Olesya Mokienko

Learn More
The paper examines sources of brain activity, contributing to EEG patterns which correspond to motor imagery during training to control brain-computer interface. To identify individual source contribution into electroencephalogram recorded during the training Independent Component Analysis was used. Then those independent components for which the BCI system(More)
A brain-computer interface (BCI) provides a direct functional interaction between the human brain and the external device. Many kinds of signals (from electromagnetic to metabolic [23, 38, 42]) could be used in BCI. However the most widespread BCI systems are based on EEG recordings. BCI consists of a brain signal acquisition system, data processing(More)
BACKGROUND Motor imagery (MI) is the mental performance of movement without muscle activity. It is generally accepted that MI and motor performance have similar physiological mechanisms. PURPOSE To investigate the activity and excitability of cortical motor areas during MI in subjects who were previously trained with an MI-based brain-computer interface(More)
The neurophysiological prerequisites for the development and operation of the brain-computer interfaces (BCI) that allow cerebral electrical signals alone to control external technical devices are considered. A BCI based on the discrimination of the EEG patterns related to imagery of extremity movements is described. The possibility of the rehabilitation of(More)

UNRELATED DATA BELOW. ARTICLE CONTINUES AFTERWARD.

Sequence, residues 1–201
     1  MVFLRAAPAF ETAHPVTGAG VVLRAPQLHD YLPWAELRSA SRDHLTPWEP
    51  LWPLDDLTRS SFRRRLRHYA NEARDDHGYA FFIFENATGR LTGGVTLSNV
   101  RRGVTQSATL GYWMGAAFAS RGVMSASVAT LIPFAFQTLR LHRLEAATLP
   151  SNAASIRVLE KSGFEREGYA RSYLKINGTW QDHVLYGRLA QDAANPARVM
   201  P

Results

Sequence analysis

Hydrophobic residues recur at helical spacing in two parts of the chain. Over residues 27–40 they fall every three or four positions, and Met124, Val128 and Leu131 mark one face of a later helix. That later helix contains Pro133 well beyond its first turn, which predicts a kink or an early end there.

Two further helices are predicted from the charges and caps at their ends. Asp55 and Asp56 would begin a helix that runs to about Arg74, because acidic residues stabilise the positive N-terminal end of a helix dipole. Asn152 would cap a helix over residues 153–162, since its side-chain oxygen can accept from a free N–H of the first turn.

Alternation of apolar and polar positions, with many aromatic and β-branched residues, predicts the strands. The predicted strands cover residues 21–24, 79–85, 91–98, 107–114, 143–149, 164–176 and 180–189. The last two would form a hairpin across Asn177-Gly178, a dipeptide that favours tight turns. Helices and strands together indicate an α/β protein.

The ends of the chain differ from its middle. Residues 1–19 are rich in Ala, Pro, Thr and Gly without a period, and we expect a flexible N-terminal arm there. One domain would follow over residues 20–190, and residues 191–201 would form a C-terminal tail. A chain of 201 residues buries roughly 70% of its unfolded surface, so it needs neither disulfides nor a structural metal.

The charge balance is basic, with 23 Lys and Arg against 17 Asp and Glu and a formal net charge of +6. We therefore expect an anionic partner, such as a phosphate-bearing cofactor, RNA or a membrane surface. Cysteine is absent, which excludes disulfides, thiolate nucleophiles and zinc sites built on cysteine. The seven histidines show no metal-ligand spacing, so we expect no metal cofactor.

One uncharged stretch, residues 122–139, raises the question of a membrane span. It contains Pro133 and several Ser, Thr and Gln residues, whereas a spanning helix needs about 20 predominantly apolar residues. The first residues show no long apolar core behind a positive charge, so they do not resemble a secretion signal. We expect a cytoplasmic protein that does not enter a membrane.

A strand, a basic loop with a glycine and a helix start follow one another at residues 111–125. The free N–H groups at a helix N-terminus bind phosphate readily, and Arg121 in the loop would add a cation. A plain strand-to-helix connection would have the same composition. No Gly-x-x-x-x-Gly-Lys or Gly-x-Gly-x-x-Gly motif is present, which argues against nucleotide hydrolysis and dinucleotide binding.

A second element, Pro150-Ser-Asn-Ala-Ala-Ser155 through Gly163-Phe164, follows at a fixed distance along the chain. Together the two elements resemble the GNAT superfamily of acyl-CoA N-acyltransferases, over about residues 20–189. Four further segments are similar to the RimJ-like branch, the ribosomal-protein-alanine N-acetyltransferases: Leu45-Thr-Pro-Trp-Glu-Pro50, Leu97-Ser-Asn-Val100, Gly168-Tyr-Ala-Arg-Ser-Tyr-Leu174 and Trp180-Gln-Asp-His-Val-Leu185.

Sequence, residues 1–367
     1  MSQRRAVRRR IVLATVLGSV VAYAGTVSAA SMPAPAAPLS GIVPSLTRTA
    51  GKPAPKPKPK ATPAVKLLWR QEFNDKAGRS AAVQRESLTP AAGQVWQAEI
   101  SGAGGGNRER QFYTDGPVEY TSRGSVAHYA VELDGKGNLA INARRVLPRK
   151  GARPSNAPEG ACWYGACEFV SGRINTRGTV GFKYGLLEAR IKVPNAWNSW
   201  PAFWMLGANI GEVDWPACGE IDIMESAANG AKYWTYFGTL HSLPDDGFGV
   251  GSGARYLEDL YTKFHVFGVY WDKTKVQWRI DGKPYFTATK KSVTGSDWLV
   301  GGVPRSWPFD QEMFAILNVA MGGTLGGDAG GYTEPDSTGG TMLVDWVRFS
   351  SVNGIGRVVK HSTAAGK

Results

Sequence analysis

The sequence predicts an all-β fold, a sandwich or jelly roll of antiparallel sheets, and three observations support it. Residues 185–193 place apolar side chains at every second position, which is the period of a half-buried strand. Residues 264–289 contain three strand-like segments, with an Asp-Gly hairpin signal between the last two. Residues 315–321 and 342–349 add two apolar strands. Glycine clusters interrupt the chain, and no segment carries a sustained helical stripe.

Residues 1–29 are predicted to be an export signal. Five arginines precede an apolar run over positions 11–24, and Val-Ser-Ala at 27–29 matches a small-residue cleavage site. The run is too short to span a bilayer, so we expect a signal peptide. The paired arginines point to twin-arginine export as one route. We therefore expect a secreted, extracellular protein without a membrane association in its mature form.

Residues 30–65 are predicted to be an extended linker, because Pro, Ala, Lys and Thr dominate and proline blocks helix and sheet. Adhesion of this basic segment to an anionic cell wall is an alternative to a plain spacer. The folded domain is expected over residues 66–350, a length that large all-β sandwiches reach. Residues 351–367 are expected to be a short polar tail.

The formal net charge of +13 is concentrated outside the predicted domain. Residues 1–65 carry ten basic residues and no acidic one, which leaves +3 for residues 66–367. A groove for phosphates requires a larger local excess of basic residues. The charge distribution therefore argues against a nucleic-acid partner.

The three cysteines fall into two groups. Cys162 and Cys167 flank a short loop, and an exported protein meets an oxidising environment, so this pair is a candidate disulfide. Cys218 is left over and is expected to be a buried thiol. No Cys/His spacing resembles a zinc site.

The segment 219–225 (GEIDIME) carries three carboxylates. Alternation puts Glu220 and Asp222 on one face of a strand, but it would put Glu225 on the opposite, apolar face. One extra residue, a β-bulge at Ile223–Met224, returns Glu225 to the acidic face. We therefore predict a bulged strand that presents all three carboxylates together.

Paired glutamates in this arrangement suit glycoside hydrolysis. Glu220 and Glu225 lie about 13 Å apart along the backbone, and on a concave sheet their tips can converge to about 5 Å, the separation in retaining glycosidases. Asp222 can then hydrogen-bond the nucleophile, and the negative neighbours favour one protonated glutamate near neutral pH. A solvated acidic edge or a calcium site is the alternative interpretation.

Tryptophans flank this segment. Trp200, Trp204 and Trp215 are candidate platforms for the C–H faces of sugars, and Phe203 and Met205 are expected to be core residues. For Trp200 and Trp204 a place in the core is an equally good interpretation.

Motor recovery in post-stroke and post-traumatic patients using exoskeleton controlled by the brain-computer interface (BCI) is a new and promising rehabilitation procedure. Its development is a multidisciplinary research which requires, the teamwork of experts in neurology, neurophysiology, physics, mathematics, biomechanics and robotics. Some aspects of(More)
The sources of brain activity that make the maximum contribution to EEG patterns corresponding to motor imagery have been studied. The accuracy of their classification determines the efficiency of brain-computer interface (BCI) for controlling external technical devices directly by brain signals, without the involvement of muscle activity. Brain activity(More)
Motor imagery can stimulate the same neuroplastic mechanisms of the brain as their actual execution. The motor imagery can be controlled via the brain–computer interface (BCI), which transforms the EEG signals of the brain appearing during the motor imagery into commands for the external device. The results of the two-stage study of the application of a(More)
The dynamics of motor function recovery in a patient with an extensive brain lesion has been investigated during a course of neurorehabilitation assisted by a hand exoskeleton controlled by a brain–computer interface. Biomechanical analysis of the movements of the paretic arm recorded during the rehabilitation course was used for an unbiased assessment of(More)
The physiological mechanisms underlying the process of motor imagery have significant similarities with the mechanisms of motor control, and this can be used for the rehabilitation of patients with movement disorders. In patients with severe paresis, motor imagery may be the only method producing movement recovery. Over the last decade, this has led to(More)
The paper examines neurophysiological basis for development and performance of brain-computer interface (BCI) that permits cerebral activity alone to control computers or other external technical devices. BCI based on the discrimination of EEG patterns related to an imagery of extremity movements is considered. The problem of BCI application to restoring of(More)